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Penske team-mates Brad Keselowski and Joey Logano are split over the NASCAR Cup series’ increased road course intake, with the former believing the series must “reap what we sow.”

In a radical shakeup for the 2021 campaign, there will be a record seven road course events on the 36-round Cup Series calendar, including visits to circuits such as Austin, Road America and the Indianapolis road course for the first time.

Sonoma also returns after dropping off the 2020 roster, while Bristol will stage NASCAR’s first dirt race since 1970.

Speaking after a big lock-up that flat-spotted his tyres and a Turn 1 spin on his way to a fifth-place finish in Sunday’s race at the Daytona road course, Keselowski was less than complementary about the schedule change and the challenges presented.

“The reality is a stock car is not meant to race on a road course and there are some compromises that are made across the board,” explained the 2012 Cup champion, who has never won on a road course and has an average finish of 14.1 across his 26 starts.

“There’s some limitations that come with that, not just for how the drivers drive the car, but with how NASCAR officiates the race.

“I think part of what people love about watching us race on road courses is the fact that the cars drive so incredibly awful bad that it can sometimes make for a very compelling race because there are a ton of mistakes, normally you don’t see that at most types of NASCAR racing.

“But with the cars not being made for this type of track, any little issue is magnified and multiplied, so that means NASCAR has to officiate the race differently than all of us would like, but it’s kind of part of the trade off in my mind for running on a road course.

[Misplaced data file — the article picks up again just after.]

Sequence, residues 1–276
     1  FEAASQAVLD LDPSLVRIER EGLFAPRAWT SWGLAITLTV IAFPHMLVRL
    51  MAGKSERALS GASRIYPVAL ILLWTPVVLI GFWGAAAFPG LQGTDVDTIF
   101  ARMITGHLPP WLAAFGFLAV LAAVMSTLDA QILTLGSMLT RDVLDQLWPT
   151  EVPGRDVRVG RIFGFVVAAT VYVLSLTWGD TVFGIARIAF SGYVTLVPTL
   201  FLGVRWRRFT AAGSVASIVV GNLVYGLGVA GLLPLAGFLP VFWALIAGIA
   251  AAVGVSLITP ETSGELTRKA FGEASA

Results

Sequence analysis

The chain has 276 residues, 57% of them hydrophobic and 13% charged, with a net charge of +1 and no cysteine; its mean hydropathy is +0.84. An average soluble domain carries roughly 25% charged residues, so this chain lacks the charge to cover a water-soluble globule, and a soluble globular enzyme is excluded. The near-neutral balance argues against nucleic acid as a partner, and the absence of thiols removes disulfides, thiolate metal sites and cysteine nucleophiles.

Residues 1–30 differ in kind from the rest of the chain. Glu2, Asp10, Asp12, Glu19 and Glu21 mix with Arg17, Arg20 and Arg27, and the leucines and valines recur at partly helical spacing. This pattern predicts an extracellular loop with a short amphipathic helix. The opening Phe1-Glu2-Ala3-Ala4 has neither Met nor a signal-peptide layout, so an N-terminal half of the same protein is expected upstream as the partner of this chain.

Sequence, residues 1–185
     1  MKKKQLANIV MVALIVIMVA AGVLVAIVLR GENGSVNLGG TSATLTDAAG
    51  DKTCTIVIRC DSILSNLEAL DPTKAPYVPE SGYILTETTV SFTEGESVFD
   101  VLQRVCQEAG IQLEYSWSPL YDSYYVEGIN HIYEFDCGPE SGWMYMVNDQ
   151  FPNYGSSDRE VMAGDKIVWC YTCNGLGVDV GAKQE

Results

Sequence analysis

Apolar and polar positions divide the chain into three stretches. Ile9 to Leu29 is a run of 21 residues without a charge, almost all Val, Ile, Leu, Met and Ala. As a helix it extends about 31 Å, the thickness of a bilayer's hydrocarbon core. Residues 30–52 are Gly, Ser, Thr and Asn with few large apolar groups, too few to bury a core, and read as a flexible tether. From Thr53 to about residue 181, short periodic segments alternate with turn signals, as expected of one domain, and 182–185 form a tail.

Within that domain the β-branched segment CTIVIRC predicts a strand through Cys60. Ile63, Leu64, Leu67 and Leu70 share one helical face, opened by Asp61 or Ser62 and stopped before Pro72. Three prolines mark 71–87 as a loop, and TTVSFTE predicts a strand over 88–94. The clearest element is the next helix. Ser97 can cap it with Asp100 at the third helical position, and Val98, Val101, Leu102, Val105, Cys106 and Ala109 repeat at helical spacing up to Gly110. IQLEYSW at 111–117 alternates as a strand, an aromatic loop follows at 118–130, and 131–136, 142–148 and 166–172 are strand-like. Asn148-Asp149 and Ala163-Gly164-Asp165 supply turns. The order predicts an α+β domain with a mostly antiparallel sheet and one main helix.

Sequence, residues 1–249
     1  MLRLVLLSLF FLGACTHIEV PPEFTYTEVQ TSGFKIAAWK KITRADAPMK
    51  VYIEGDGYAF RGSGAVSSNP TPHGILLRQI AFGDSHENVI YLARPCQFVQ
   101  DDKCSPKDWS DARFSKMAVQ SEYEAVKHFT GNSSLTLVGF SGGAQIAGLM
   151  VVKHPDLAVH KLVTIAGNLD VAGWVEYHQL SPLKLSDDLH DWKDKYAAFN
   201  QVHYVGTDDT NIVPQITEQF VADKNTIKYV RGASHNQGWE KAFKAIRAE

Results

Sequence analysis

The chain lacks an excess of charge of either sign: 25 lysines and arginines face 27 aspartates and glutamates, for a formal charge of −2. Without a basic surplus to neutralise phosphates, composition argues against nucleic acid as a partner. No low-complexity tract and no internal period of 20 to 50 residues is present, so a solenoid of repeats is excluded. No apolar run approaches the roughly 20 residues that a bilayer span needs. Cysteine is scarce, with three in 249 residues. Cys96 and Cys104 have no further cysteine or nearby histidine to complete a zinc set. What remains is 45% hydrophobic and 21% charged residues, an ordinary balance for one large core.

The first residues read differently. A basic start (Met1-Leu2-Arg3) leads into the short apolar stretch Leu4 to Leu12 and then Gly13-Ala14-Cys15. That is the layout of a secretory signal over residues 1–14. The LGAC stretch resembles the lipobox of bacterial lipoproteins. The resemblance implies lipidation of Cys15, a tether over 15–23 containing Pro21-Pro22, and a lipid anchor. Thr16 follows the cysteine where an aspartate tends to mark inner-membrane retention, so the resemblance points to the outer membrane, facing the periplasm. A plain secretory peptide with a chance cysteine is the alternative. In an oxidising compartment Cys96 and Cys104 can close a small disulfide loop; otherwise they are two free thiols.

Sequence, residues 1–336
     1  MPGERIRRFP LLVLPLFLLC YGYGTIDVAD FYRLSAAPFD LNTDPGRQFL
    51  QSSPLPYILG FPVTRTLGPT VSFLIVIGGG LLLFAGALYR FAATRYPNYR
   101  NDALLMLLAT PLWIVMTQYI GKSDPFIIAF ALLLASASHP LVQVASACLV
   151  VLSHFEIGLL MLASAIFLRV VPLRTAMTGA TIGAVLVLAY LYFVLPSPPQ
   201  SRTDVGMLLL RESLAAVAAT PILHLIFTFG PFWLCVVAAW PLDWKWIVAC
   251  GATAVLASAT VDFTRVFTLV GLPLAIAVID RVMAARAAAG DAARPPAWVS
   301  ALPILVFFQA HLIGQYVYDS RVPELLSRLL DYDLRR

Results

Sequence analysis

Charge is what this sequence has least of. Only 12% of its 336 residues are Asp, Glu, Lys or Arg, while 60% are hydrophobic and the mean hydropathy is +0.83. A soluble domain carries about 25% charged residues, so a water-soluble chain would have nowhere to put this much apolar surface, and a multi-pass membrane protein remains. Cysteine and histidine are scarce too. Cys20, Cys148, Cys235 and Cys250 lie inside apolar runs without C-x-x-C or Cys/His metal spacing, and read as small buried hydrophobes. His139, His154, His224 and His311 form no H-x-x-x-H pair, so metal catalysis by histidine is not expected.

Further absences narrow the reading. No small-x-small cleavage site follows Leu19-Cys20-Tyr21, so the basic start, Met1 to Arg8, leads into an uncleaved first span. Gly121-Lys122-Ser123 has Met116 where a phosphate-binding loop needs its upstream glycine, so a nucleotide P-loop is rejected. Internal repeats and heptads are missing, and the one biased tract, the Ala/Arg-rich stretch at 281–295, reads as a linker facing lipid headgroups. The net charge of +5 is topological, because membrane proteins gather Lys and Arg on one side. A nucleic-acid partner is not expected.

“The alternative is we could go back and run more short tracks. I would be OK with that, but as of now that’s not the way the pendulum has swung and we’ll have to reap what we sow.”

By contrast, Logano was effusive about the how road courses can mix up the order and the extra challenge racing on such circuits presents to drivers more familiar with ovals or short tracks.

The 2018 champion, who finished second to first-time winner Christopher Bell after varying his strategy at a late caution, said it was “the right thing” for NASCAR to listen to its fans.

“They wanted more road course racing, boom, you got it,” explained the 2018 champion, whose sole road course win came at Watkins Glen in 2015.

“This Daytona road course actually puts on a pretty good race. You look at the strategy that comes into play, the strategy really is interesting when you have this much falloff.

“It’s fun because, not all the time, but more times than not it’s not always the fastest car that wins. Today, we almost manufactured a victory by doing something different than the fastest cars.

“The fun part about it, is that you’re never really out of it. I like it as a driver because I’m not doing the same thing every week. I like that.

“I think it’s attractive for the best drivers in America to want to race in the NASCAR Cup Series because you have to be good at everything, including dirt racing.”



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